A Manteno High School senior is already on his way toward a career in digital media design — despite being colorblind.
Brandon Anderson, 17, edits photos and videos and contributes to a podcast for Sox on 35th, a fan page dedicated to all things Chicago White Sox.
“My ultimate goal is to work for the White Sox,” Anderson said.
And from where Anderson is standing right now, that goal could come to life someday soon.
About six years ago, Anderson saw a photograph of Guaranteed Rate Field in Chicago and thought to himself, “I kinda wanna do that.”
He started doing photo edits of White Sox players — such as changing filters, colors and adding text or other graphics to photographs — using a basic Adobe Photoshop app on his iPhone.
Soon after, he received an iMac computer with access to Apple’s video editing program, iMovie, as well as Adobe’s full suite of programs, including Photoshop, Lightroom, Illustrator and After Effects.
And his knowledge and talent grew from there, largely just by teaching himself through practice and watching instructional YouTube videos. He spent hours in his room teaching himself how to edit photos and videos.
For a long time, Anderson’s parents, Mark and Terri, just thought Brandon was secluding himself from the family for no apparent reason.
“Come downstairs and stay out of your room,” Mark always told his son.
Then, Anderson showed his parents what he was working on in his room everyday, and they said, “Whoa! Stay in your room.”
This year, he has started delving into original photography. At Manteno High School, he photographed every home soccer and football game the Panthers played.
“I was pretty much known as the team photographer,” Anderson said.
MHS student athletes and their parents have praised Anderson’s photography skills. One parent the Andersons hadn’t spoken to in years messaged Terri, asking for a copy of a photograph Brandon took, stating how talented he was.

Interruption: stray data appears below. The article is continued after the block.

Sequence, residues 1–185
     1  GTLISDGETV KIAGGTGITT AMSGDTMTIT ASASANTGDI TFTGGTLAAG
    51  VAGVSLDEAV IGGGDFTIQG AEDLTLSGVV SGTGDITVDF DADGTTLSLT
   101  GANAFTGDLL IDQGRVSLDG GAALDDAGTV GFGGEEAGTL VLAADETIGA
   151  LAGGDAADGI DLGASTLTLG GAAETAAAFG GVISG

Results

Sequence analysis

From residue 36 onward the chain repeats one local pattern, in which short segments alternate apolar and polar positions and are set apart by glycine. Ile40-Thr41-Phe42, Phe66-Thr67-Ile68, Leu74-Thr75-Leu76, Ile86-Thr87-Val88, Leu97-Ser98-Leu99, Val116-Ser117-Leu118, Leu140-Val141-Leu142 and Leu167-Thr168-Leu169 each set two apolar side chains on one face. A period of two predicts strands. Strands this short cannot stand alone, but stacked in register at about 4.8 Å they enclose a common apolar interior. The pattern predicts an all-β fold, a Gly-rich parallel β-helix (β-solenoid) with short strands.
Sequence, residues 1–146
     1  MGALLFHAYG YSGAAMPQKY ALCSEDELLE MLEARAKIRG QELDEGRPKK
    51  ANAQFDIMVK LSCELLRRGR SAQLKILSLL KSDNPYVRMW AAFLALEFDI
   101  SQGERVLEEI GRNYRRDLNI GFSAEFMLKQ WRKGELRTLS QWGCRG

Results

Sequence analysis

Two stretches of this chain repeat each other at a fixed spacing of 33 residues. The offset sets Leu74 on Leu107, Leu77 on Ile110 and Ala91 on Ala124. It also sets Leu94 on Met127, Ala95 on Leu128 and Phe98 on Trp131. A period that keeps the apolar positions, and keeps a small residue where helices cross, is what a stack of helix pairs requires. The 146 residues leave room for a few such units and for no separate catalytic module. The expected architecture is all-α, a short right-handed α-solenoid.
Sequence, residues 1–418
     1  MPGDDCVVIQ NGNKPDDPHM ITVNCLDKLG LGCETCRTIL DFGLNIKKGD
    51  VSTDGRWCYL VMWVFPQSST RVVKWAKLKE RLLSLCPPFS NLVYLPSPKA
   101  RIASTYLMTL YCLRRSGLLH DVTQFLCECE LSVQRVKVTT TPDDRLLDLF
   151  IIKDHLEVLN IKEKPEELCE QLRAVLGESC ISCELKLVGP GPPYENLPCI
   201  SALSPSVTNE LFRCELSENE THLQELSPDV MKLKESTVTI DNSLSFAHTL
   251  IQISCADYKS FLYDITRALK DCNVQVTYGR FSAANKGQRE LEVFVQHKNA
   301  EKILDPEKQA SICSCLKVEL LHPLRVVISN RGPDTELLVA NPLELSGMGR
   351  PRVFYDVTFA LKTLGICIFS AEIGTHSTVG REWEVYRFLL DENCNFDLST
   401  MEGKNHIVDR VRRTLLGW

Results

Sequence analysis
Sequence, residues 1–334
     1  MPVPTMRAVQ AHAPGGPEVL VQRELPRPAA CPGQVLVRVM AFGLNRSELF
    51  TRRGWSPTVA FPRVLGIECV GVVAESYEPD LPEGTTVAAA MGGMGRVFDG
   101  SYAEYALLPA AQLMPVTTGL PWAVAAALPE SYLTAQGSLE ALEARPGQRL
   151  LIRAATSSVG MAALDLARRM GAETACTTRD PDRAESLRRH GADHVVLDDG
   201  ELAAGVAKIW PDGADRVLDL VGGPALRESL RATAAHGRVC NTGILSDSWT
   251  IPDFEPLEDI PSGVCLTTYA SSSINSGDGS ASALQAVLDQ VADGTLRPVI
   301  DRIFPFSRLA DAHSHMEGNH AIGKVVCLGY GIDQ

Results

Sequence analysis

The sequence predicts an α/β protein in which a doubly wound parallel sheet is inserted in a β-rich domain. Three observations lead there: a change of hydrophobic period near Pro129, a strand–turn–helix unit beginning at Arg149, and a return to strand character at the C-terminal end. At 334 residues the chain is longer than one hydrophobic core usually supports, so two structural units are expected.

He also contributed to the making of the “Greeting from Manteno” mural on West First Street, designing the font used for the lettering. He’s worked for the school yearbook and made logos for Blink, a musician duo comprised of two MHS students.
“Manteno should be proud of what they’ve got coming out of their school,” Terri said.
Anderson’s work is admired outside of Manteno, too.
The family attended SoxFest, a fan convention held in Chicago every January, and spotted a few Sox fans holding “A New Hope,” a poster Anderson designed to commemorate the beginning of the Sox’s season, which was inspired by the “Star Wars” film.
Though his work already is being noticed on social media by sports players and fans, Anderson admits he still has much to learn. He’s going to study graphic design at Columbia College Chicago in August.
In the meantime, he spent two days job-shadowing the White Sox’s publications and design department. While there, he interacted with the White Sox’s media team and met a few players, too, including shortstop Tim Anderson, who gifted Anderson with a signed bat.
“He’s really made a name for himself,” Terri said. “He’s got a good head start in the field, I think.”
“And it all goes back to the saying,” Mark agreed, “‘If you love what you’re doing, for the rest of your life, you don’t work.’
“We think he’s gonna be famous.”
“Maybe he’ll work for ESPN someday,” Terri agreed. “You never know.”
To keep up with Anderson’s digital design journey, follow him on Instagram at @chicago.designs. His prints can be purchased at chicagodesigns.bigcartel.com.